The official start of the holiday online shopping season, or the Monday after Thanksgiving, rang up $733 million in sales, according to ComScore. The total, up 21% from last year's $608 million, represents the largest-ever day of online shopping.
But the record isn't expected to hold for even two weeks. The second Monday in December beat Cyber Monday last year, and it's expected to do it again on Dec. 10.
The dreaded deadlines
Ellen Davis, a spokesperson for the National Retail Federation, said the second Monday in December is generally the day when online shoppers start to get desperate because pre-holiday shipping deadlines are rapidly approaching.
Shop.org, the National Retail Federation's online division, estimated 72 million people would at least browse online on Cyber Monday.
This year, Cyber Monday has been embraced by shoppers and non-shoppers alike, getting front-page and top-story placement at major news outlets. Billed as the online equivalent to Black Friday, it's enjoyed nearly the same coverage, even though the in-store shopping extravaganza rang up more than $10 billion in sales, according to ShopperTrak. And while online shopping still gets a smaller share-of-wallet than in-store purchases, Cyber Monday sales would seem to be disproportionately smaller.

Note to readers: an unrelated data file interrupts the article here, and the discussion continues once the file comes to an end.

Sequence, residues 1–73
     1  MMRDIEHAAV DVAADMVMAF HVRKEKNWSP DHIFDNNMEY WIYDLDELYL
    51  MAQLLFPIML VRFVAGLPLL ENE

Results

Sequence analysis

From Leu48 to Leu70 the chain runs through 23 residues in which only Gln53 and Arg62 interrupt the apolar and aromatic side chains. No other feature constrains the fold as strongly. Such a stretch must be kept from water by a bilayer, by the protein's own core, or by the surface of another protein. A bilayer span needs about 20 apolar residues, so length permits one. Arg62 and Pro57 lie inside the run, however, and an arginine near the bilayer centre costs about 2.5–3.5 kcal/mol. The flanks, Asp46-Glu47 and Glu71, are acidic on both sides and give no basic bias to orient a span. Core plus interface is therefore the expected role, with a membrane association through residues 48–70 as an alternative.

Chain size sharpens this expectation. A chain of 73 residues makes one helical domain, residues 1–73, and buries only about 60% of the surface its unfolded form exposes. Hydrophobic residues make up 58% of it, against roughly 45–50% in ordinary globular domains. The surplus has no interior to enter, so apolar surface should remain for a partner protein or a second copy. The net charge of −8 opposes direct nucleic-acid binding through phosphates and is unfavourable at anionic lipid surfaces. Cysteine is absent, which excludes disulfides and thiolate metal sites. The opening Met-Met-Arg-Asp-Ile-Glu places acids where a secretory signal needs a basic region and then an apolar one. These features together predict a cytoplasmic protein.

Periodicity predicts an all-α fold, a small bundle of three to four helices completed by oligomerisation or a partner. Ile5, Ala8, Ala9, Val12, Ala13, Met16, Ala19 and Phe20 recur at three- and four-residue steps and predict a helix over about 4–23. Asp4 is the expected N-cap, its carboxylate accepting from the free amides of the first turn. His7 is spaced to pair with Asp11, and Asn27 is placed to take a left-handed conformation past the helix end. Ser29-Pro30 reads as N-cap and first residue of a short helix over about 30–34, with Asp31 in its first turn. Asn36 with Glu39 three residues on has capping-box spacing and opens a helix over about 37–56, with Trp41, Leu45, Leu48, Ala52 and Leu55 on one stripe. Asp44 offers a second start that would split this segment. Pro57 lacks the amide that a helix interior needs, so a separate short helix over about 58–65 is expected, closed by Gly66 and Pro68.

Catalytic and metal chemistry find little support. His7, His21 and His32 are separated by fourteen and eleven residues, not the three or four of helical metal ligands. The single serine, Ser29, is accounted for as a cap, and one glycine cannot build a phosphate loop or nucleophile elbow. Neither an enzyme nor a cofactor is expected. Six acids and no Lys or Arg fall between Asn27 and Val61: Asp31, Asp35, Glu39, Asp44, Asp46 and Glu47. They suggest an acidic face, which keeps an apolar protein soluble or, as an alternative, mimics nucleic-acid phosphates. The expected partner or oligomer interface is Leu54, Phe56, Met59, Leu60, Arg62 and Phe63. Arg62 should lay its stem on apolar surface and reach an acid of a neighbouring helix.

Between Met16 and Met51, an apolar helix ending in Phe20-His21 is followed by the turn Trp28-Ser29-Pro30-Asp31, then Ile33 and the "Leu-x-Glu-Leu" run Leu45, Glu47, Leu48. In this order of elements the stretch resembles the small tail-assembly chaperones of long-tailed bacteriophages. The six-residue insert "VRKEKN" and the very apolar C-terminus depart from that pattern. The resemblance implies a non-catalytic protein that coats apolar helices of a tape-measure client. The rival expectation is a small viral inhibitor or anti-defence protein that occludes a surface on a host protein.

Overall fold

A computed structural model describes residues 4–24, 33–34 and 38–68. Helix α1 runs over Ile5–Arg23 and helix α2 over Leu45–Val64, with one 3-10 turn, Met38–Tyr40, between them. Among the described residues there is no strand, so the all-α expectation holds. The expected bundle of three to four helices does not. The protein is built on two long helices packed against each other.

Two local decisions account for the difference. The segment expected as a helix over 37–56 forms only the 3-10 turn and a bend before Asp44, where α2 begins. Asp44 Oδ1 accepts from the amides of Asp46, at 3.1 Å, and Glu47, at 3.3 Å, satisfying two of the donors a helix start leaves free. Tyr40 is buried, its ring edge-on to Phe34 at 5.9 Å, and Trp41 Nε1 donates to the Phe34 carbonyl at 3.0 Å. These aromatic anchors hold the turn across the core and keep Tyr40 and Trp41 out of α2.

"[Cyber Monday] definitely is a media darling, and a lot of that might be enhanced this year given the economic status," said Kelly O'Neill, director of e-commerce product marketing at Art Technology Group. "If you can show a lot of people going to the cash register, that lends a lot of goodwill, and so it's a message that a lot of people will carry. So much of spending is tied up in confidence."
Ms. O'Neill, who represents a variety of retailers including Sephora, American Eagle, Neiman Marcus and Louis Vuitton, said she doesn't encourage her clients to advertise Cyber Monday specials, but to reinforce brand promises online, which can be carried throughout the year.
"Cyber Monday is an interesting way to rally the troops and the shopping community around, and say, 'OK, it's the season and time to start holiday shopping,'" she said. "But in terms of its impact over the entire season, I think it's overhyped."